I arrived in Japan from China much later than expected since I missed my original flight. I was tired from what had become a long day and the first thing I noticed as I walked away from the plane was how quiet everything was. Despite hundreds of people walking through the terminal, it was extremely quiet. I stepped onto an escalator and unlike China, it did not start talking to me, telling how and where to stand. Instead there were just arrows indicating which was the standing side and which was the walking side. Silent, but clear directions.
The only noise I heard next was a sole woman bowing and saying something in Japanese that I can only assume was, "Welcome to Japan." She could have been saying, "everyone stay quiet" though and I wouldn't know the difference. But it was nice, welcoming...and I wondered how much she was paid to stand there all night bowing at arriving flights.
I also noticed how clean everything was, but not too out of the ordinary since Frankfurt airport is extremely shiny and I wasn't surprised to see a bright clean airport.
Still in a bit of a daze, my friend met me and we boarded the Narita Express train to Tokyo Station. The train seat had a little hook to hang your jacket and a little cup holder. The leg space was more than ample. I had never been on such a well-thought out train. It seemed so civilized. There was even a little ledge on the window to rest your arm and fall asleep comfortably.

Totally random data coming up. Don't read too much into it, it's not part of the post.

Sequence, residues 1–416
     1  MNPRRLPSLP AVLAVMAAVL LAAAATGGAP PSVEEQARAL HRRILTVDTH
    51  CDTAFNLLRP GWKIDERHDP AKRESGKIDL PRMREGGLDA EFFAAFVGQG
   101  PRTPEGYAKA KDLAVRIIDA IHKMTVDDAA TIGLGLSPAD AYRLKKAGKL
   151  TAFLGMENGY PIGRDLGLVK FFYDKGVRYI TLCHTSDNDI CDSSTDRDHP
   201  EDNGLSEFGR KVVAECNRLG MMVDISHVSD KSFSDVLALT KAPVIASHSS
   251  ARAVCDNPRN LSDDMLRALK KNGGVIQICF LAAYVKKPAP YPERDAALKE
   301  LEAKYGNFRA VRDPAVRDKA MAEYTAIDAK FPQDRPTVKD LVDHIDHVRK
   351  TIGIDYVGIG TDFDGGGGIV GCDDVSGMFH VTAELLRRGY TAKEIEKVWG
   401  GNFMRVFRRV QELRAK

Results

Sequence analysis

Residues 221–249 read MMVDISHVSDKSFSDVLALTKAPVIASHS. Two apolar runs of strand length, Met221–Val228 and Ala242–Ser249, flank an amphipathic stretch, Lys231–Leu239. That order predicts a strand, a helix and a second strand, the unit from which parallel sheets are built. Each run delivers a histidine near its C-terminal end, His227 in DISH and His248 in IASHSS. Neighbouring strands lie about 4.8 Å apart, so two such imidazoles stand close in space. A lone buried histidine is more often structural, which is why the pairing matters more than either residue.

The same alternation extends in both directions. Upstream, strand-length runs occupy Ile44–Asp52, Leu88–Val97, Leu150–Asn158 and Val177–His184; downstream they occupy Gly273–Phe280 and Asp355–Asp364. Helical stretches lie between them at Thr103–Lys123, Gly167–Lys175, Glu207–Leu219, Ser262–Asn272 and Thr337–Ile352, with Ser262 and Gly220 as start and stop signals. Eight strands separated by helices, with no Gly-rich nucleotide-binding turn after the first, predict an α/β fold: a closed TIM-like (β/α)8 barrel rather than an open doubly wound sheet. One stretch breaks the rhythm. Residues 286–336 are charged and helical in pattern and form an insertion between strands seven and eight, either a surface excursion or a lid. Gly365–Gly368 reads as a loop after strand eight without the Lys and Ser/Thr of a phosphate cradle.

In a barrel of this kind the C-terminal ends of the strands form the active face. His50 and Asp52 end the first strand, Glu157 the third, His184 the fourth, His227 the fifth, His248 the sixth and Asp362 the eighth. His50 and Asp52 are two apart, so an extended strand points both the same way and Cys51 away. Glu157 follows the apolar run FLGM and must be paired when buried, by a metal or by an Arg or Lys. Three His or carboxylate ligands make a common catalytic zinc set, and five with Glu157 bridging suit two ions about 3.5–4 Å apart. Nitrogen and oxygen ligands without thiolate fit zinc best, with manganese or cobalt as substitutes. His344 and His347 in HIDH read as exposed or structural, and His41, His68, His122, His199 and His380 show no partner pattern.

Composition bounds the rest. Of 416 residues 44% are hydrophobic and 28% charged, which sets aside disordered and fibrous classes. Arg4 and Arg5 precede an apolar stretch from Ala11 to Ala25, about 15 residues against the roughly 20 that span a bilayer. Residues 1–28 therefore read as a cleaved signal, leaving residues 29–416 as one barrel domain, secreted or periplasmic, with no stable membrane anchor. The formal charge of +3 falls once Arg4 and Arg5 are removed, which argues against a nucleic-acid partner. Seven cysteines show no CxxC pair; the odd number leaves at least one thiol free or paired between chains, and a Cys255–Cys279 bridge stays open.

We got to our hotel and the bathroom amenities included a razor with shaving cream and disposable toothbrushes. They even provided pyjamas. They thought of everything - in fact, I could have arrived at the hotel with nothing and would have been comfortable. This sort of thing was standard everywhere I went in Japan. I wondered what the Japanese must think when they come to North America and check into a hotel. "Where is my toothbrush? Where are my pyjamas? What will I do?!"
My friend and I went out for a walk to the nearest mini mart to get some snacks. The streets were spotless and the roads smooth. Everything seemed to have a place and a purpose. There were specified ways to do everything, from simple payment transactions, to how to board a train. I loved it. Once you knew what to do, it was easy.
I experienced something upon arrival in Japan that I had never experienced before. It was not culture shock. It was a mix of awe and maybe envy. It can only be described as culture shame.
We (North Americans) are so loud and aggressive. We don't take the time to do simple things. We go where we want, when we want, however we want and it causes chaos. We don't really respect other people. When a Japanese person comes here, I can only imagine they think us to be wild barbarians and I found myself embarrassed by my birthplace.
I usually return home grateful for all I have, but this time I was humbled in a different way. I saw so many ways my society could improve and just ashamed of how things are.